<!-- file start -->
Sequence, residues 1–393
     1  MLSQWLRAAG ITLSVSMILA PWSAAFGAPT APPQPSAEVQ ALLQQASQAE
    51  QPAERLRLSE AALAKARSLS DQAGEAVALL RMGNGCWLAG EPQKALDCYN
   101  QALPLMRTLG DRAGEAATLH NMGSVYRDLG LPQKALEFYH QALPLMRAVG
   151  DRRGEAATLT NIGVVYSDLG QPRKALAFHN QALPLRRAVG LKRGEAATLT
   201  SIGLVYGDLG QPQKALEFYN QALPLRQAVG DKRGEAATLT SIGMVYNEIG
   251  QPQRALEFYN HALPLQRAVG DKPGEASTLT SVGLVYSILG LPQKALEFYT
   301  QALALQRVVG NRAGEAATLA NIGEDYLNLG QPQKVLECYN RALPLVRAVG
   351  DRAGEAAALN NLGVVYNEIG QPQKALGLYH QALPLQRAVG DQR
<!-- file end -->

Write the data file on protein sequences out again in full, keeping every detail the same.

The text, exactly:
Sequence, residues 1–393
     1  MLSQWLRAAG ITLSVSMILA PWSAAFGAPT APPQPSAEVQ ALLQQASQAE
    51  QPAERLRLSE AALAKARSLS DQAGEAVALL RMGNGCWLAG EPQKALDCYN
   101  QALPLMRTLG DRAGEAATLH NMGSVYRDLG LPQKALEFYH QALPLMRAVG
   151  DRRGEAATLT NIGVVYSDLG QPRKALAFHN QALPLRRAVG LKRGEAATLT
   201  SIGLVYGDLG QPQKALEFYN QALPLRQAVG DKRGEAATLT SIGMVYNEIG
   251  QPQRALEFYN HALPLQRAVG DKPGEASTLT SVGLVYSILG LPQKALEFYT
   301  QALALQRVVG NRAGEAATLA NIGEDYLNLG QPQKVLECYN RALPLVRAVG
   351  DRAGEAAALN NLGVVYNEIG QPQKALGLYH QALPLQRAVG DQR